Kubectl: Get Services – Kubernetes

In Kubernetes, a Service is an abstraction which represents a logical set of Pods and a policy by which to access them.

Although each Pod has a unique IP address, those IPs are not exposed outside the cluster without a Service.

The point is that Pods in Kubernetes are “mortal” – every time a Pod dies for some reason, a new Pod is created in its place with a different IP address, so IP addresses of Pods cannot be called persistent and stable.

The idea of a Service is to group a set of Pod endpoints (back-end) into a single resource (front-end) with a persistent IP addresses that can be exposed in different ways depending on a ServiceType.

In this note i will show how to list Services in Kubernetes using the kubectl command and how to get detailed information about each Service in different formats.

Cool Tip: List & Change Namespaces in Kubernetes! Read more →

Get Kubernetes Services using Kubectl

List all Services:

$ kubectl get services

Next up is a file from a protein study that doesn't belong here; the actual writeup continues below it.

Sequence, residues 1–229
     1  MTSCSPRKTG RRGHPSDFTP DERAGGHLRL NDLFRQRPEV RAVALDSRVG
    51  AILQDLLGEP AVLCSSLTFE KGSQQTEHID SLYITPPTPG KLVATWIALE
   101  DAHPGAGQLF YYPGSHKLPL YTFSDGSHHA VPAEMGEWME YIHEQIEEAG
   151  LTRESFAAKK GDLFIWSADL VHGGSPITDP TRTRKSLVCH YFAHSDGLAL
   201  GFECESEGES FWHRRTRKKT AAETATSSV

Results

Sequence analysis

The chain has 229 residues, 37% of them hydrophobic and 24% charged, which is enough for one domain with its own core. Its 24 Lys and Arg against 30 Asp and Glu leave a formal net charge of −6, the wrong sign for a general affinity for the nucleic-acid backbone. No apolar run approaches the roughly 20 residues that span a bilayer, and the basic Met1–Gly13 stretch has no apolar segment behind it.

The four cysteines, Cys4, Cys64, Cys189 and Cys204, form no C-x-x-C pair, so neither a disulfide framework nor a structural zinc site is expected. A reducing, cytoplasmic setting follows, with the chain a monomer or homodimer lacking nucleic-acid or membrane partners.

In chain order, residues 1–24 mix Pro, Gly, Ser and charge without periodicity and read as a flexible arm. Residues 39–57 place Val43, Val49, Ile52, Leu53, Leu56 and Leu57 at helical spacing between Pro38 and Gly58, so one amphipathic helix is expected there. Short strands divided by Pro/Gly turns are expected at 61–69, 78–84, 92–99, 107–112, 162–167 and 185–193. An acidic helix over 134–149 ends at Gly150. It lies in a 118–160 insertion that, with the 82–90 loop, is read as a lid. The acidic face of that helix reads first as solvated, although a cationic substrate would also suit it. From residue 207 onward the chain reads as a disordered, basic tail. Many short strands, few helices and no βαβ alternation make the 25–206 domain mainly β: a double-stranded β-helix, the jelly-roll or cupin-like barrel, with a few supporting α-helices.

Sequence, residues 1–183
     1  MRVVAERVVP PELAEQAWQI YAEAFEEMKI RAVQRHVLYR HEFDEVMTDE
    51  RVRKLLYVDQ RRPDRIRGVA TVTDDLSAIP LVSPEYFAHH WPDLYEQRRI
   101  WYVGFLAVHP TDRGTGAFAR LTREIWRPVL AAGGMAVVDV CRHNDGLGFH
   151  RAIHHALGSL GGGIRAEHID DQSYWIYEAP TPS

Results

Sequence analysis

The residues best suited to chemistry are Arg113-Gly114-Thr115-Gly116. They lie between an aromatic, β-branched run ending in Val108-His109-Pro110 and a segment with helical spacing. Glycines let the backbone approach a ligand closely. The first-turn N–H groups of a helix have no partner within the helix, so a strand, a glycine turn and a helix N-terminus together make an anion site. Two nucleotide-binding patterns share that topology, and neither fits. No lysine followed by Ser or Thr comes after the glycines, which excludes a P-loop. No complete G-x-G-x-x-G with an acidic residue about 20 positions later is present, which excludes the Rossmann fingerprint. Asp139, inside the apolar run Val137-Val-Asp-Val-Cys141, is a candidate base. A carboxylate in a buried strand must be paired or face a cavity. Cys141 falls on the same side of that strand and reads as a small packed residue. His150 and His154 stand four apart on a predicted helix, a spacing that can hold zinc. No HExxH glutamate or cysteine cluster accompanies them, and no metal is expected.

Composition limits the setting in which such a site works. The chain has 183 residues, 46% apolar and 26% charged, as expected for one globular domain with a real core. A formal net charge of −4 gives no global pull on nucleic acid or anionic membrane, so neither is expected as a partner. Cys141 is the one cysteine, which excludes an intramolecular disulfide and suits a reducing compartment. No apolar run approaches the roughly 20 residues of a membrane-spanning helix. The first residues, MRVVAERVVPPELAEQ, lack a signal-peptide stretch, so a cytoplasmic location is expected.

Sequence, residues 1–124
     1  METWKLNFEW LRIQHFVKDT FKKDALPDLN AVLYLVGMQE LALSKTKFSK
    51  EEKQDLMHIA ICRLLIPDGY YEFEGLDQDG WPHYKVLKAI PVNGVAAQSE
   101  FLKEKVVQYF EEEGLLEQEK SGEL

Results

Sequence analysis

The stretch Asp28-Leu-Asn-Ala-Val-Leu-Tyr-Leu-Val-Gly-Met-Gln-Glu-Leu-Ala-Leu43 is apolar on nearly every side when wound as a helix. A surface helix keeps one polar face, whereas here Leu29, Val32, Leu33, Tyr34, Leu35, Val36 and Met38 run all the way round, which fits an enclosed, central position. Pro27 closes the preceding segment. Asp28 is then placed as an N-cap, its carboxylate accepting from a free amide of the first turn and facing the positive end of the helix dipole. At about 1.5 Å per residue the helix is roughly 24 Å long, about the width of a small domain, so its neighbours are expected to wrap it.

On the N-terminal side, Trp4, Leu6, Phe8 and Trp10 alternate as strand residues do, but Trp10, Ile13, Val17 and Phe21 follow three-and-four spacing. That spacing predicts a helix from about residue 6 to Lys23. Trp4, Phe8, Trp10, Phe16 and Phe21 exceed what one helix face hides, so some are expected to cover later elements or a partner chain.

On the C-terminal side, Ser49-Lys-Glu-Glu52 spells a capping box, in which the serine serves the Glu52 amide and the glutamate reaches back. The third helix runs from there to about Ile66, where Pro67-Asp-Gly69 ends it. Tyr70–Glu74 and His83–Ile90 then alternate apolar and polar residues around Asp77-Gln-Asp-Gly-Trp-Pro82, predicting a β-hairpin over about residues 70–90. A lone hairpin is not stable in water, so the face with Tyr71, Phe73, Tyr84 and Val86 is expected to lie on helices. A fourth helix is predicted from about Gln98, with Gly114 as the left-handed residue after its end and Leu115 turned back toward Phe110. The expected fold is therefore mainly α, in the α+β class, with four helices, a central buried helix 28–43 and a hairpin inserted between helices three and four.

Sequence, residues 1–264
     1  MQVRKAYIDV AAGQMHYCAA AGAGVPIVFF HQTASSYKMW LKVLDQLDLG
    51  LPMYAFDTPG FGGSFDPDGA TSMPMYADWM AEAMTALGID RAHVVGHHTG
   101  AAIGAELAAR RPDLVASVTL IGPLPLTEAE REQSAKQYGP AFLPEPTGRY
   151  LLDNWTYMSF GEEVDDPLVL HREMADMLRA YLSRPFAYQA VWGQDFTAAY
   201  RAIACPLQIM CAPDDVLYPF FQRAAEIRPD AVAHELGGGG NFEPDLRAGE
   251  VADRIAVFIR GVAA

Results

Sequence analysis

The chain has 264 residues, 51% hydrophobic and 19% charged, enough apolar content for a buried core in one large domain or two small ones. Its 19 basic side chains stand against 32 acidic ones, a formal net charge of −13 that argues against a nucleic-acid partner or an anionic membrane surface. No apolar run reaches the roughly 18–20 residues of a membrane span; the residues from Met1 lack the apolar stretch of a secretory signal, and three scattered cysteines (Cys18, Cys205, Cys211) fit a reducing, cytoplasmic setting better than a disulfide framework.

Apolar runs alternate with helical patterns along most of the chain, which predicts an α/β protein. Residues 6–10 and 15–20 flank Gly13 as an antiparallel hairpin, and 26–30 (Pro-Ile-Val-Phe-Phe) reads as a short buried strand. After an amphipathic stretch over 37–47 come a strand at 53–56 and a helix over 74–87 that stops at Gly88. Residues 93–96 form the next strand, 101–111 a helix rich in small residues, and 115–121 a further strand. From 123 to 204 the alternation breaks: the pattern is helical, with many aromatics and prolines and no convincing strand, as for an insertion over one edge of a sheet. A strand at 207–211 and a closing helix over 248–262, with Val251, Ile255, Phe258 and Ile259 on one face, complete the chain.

Show the particular Service:

$ kubectl get service <NAME>

Get the Service details:

$ kubectl describe services
- or -
$ kubectl describe service <NAME>

Get the Service details in YAML format:

$ kubectl get services -o yaml
- or -
$ kubectl get service <NAME> -o yaml

Cool Tip: List Nodes in Kubernetes cluster! Read more →

Types of Services

There are five types of Services in Kubernetes:

ServiceType Description
ClusterIP Exposes the Service on an internal IP, which can be accessed by other apps in the cluster, without allowing external access. This is the default ServiceType.
NodePort Exposes the Service on each Node’s IP at a static port (the NodePort) in the range 30000-32768, by default. A ClusterIP Service, to which the NodePort Service routes, is automatically created. You’ll be able to contact the NodePort Service, from outside the cluster, by requesting <NodeIP>:<NodePort>.
LoadBalancer Exposes the Service externally using a cloud provider’s load balancer. NodePort and ClusterIP Services, to which the external load balancer routes, are automatically created.
ExternalName Maps the Service to the contents of the externalName field (e.g. foo.bar.example.com), by returning a CNAME record with its value. No proxying of any kind is set up.
Headless Sometimes you don’t need load-balancing and a single Service IP. In this case, you can create what are termed “headless” Services, by explicitly specifying "None" for the cluster IP (.spec.clusterIP).

Cool Tip: List Pods in Kubernetes cluster! Read more →